During the project, it went from him designing a garden to the garden being the artwork. Gabriel works with both found situations and his own interventions of geometry. His recognition of what is there already is sympathetic to the architectural approach of the building. The unruliness of south London derelict sites and backs and the history of the site as an old bombsite led him to reimagine it as a kind of overgrown ruin. A series of rooms was created by the planting. We worked with horticulturalists from Kew Gardens; Gabriel visited Kew and chose plants for their sculptural shape, rather than strictly geographically, so things from the Mediterranean sit next to something from New Zealand.
The south London landscape of brick buildings and York stone paving was abstracted and York stone, cut to brick dimensions, and was laid in a topographic textile across the site. Its geometry was set out on the radius of the oversize door swing of the education studio opening onto the courtyard. It’s all sand bedded so that the planting will come through and ultimately the geometry of the stone that you see now will be delineated in the green of moss and plants.
SC: Presumably your schedules are massively varied but would there be a vague day-to-day routine that you could describe?
SM: There are a few things that are routine, but it can also be really varied as well. I mean, we come into the studio, but site visits, client meetings and research can take us all over.
TE: The day, you could say, starts not outrageously early but earlyish. It’s the drift into the evening and the weekend, which is quite variable, which might be on one level, graft with deadlines pressing, stuff like that. On the other side, is when the work sort of drifts into the social and other fields.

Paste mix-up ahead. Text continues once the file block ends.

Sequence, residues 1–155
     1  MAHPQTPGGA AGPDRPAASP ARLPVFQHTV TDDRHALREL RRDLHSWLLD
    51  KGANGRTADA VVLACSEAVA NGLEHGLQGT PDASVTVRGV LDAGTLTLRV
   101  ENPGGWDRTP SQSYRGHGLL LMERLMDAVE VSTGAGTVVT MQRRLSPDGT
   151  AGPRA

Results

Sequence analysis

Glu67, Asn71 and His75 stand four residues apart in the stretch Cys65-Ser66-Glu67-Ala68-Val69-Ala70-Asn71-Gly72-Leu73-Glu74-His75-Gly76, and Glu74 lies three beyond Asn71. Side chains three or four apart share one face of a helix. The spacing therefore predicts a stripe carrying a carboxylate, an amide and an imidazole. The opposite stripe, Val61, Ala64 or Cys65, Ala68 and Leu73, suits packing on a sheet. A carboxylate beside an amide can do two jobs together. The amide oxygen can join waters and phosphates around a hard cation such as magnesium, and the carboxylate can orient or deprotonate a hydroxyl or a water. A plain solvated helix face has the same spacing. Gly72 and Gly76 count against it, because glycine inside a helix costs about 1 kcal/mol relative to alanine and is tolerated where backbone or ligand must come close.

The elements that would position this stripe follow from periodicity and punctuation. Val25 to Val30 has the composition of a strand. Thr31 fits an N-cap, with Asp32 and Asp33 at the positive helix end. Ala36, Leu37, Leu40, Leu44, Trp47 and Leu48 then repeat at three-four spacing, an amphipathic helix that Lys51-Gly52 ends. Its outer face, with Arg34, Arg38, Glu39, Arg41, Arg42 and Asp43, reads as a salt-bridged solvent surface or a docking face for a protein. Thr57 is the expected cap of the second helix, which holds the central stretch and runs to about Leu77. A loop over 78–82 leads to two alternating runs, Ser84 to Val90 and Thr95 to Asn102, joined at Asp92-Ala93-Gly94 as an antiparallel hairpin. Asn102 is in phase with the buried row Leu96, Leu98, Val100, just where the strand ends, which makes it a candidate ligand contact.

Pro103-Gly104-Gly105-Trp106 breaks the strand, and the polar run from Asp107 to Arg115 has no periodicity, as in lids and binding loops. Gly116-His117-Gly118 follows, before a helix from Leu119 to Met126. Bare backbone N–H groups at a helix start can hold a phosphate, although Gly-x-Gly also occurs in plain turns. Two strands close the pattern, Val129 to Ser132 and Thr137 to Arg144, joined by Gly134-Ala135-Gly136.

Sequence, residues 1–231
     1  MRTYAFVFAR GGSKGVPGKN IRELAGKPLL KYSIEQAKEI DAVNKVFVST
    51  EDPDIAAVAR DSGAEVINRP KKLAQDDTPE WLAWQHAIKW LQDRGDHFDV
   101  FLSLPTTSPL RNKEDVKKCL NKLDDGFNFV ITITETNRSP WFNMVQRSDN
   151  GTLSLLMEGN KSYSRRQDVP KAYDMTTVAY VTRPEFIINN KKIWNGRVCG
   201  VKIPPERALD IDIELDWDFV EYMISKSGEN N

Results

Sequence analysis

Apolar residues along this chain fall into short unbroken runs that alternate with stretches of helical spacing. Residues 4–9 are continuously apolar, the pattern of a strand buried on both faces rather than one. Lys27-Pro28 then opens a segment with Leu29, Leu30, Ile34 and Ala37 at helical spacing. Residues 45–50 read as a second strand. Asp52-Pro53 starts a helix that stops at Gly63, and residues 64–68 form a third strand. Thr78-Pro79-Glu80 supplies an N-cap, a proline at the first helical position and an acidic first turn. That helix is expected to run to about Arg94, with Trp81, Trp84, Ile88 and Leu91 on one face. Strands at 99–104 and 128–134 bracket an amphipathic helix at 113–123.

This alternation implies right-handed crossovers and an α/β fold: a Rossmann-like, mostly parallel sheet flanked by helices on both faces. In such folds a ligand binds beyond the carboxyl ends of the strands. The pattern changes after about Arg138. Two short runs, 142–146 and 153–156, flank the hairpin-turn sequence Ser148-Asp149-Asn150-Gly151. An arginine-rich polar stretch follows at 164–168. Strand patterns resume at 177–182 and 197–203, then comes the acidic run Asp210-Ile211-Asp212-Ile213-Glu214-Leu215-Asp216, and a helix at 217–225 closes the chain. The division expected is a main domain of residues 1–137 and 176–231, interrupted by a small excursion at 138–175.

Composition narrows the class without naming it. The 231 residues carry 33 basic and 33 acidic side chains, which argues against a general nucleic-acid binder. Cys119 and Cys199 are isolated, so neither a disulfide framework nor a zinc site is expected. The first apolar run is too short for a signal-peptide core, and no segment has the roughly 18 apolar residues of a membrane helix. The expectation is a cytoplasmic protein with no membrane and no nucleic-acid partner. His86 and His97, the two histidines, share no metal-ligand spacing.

SM: There’s also a really nice side, which is every project has a specific materiality to it. We’ll often be at things like a reclaimed timber yard picking out a floor, for example, for Churchill College. Cecile, our project architect for it, was in France, in a chateau being taken around to see all the timber, and there was only one place that we could find as much timber as we needed, and the client had to get it straight away. And last week, I went to Harwells, an amazing slipcast terracotta factory up in Blackburn. So you get to learn loads. And we went down to a foundry with Paul Smith when we were casting the Albemarle Street façade. You do find yourself in lots of odd places, but you’re as likely to be crawling around the top of the V&A Museum dome or underneath somebody else’s basement looking for services. It could just be anything.
SC: In your opinion, what is one of the best completed architectural projects of the last decade and why?
TE: I’m trying to think of what I’ve seen recently. Just because it relates to a couple of questions about London throughout this conversation: Tate Modern has been amazing, at a much bigger level than architecture. Architecture is fundamental to it, but then what it’s done for culture, what it’s done for the city. And not without its tricky parts, politically and stuff like that. But it’s amazing how far it’s gone beyond just making a new museum. It’s incredibly bold to take on an old power station.
SM: This is London’s biggest public space and anyone can go there. And they’ve just done it again with the new Switch House tower; it is the funniest thing being on the top deck and looking into those really big huge flats, but that’s one of the most social buildings actually. I’d say that’s one of the most exciting I’ve been in. I would’ve gone further back and said Bo Bardi, but I think for some of the same reasons; it has a lot of the same qualities of that actually. Bo Bardi’s SESC Pompéia in São Paulo is really a beautiful use of an old factory. Also, at a very different scale, Brick House by Caruso St. John, that Rod Hayes worked on in their studio. It’s elbowed in between a back site in London over in Westbourne Grove. It’s really beautiful.
SC: Could you talk to us about your experience working on Juergen Teller’s studio?